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Saturday, April 4, 2015

Max Gladstone's Three Parts Dead


I liked this book a bit more than I expected.

 I think the largest reason for that was that the characters all had some complicated motivations that weren't always clear and that they were, honestly, good at fucking up along the way. I do not mean to say they were incompetent, merely human. Also, I enjoyed the society that this book was set it. It was thought out and treated with care. It was dark and mysterious, but with some optimism, as if the people in it hadn't given over to malaise and hopelessness yet. I like that as it is easy to be dark and mean, but not so easy to see that situation and have characters interact with it without becoming jaded, or worse, becoming indifferent. Instead, they become better people for it, people that want more and refuse to settle for what they have.

I also enjoyed the way magic worked. It felt like it was based in a kind of science, but not a real-world science. Further, the sides between The Craft and the Applied Theology were two sides of the same coin. One worship nature and starlight, the other a God or Goddess.

Does this sound familiar?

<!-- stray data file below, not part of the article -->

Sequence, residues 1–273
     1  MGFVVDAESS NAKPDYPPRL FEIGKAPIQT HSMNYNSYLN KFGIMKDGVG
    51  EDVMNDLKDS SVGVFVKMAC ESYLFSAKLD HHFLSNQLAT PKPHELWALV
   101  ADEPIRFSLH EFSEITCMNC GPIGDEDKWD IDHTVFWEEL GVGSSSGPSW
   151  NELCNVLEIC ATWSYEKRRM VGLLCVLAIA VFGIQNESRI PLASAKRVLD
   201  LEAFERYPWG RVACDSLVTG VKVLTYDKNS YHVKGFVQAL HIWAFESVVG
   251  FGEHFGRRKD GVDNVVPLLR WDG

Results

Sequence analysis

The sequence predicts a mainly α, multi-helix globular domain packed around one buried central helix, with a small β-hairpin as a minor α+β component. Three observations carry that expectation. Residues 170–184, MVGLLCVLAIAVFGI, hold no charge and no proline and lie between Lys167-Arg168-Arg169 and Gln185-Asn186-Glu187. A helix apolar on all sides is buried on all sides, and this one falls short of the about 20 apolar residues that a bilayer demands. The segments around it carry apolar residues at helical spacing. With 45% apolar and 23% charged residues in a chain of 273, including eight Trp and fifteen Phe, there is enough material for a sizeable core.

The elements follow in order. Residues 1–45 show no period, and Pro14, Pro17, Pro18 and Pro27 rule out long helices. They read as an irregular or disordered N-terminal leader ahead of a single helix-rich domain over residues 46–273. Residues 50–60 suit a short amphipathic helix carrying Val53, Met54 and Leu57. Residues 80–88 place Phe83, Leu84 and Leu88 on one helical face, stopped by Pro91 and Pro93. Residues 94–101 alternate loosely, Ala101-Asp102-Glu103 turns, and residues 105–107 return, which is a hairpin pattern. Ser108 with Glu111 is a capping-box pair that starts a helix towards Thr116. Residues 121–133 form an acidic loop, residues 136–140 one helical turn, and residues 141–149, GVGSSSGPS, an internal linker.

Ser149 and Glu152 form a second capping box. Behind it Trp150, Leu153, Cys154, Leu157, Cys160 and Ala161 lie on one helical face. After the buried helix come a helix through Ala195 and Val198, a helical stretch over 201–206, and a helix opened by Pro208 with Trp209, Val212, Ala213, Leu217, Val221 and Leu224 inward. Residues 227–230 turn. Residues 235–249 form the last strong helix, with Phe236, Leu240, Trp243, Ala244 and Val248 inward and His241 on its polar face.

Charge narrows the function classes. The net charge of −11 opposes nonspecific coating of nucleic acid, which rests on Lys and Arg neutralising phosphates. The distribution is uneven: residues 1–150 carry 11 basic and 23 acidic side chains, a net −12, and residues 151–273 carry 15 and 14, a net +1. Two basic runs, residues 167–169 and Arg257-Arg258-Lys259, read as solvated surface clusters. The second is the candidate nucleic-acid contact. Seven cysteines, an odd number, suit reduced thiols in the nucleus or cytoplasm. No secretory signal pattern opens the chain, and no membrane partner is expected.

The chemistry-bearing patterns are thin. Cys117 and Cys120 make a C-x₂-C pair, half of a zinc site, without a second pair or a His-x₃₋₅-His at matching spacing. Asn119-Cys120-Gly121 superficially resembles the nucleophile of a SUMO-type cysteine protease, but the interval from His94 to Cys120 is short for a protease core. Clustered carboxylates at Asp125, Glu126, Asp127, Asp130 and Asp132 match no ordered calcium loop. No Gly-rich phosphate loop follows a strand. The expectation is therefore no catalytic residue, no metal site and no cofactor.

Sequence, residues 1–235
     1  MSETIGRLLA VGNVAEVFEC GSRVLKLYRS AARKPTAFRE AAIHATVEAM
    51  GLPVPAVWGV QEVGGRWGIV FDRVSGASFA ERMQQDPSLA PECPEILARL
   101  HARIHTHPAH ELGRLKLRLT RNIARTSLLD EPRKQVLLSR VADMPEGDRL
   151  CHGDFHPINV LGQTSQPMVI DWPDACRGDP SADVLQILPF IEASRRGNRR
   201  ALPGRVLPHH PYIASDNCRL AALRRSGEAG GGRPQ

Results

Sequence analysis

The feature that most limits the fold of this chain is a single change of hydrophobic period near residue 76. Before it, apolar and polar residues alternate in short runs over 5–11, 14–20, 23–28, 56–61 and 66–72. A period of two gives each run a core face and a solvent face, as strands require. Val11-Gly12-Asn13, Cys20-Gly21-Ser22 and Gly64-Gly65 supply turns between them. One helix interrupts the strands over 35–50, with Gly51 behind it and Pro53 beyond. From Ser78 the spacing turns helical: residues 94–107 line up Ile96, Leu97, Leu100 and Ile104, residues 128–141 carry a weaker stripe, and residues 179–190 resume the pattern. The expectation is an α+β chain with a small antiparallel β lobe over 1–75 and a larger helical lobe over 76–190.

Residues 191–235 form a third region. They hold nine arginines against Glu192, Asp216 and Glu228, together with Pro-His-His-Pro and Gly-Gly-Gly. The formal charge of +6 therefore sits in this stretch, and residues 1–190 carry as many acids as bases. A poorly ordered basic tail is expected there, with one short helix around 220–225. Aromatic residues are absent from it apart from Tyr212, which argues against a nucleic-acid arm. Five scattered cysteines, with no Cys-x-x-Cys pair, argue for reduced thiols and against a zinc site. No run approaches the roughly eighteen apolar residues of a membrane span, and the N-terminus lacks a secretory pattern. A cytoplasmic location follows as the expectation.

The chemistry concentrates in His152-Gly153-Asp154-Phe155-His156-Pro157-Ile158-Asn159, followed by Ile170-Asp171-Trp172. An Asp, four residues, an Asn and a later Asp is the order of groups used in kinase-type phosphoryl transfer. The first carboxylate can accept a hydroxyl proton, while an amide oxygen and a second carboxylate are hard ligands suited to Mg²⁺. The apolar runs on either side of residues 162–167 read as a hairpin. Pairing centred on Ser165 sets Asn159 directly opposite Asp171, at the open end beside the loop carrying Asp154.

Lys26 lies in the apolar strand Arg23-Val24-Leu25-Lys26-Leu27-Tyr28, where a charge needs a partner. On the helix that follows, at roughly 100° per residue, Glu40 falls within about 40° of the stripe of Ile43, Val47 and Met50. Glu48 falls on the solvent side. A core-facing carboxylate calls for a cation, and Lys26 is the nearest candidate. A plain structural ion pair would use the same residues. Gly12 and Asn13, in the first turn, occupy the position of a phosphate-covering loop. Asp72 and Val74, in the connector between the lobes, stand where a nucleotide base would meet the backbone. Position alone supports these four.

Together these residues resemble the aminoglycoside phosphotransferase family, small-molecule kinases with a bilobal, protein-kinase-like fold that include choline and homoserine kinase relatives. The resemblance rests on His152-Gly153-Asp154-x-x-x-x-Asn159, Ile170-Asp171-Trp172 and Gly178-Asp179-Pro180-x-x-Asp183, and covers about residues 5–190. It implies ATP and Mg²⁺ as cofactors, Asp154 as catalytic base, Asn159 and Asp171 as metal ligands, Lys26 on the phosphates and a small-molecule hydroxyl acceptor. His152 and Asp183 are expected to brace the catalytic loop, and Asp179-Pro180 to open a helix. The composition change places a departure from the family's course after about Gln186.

Actually...this book sort of felt like it was familiar a lot...as if, maybe it was set in our world? Oh, but that's silly, isn't it?

Well, anyway, I found it interesting that this book gave me what I needed to go with the narrative and understand things happening, but also left some blank spaces for me to connect. It wants you to think about the world it is in instead of just spelling out the legacy of the world. And again, there is that feeling like something happened to Earth and people stopped worshiping Gods as we know them and instead worshiped practical ideas, giving them form and power?

Regardless of these small complaints, however, it has become increasingly fashionable to construct worlds where the magic is explained away using laws of thermodynamics or, worse still, some obscure D&D rule set. Interesting and refreshing as these additions may be when we first read them, for it to have taken control of the genre is painful to see. The magic of the world is drained away and replaced with something cold. This book , for its short-comings, side steps this fashion and still strides confidently with its originality.

Also, I thought the ending was a slight cop-out.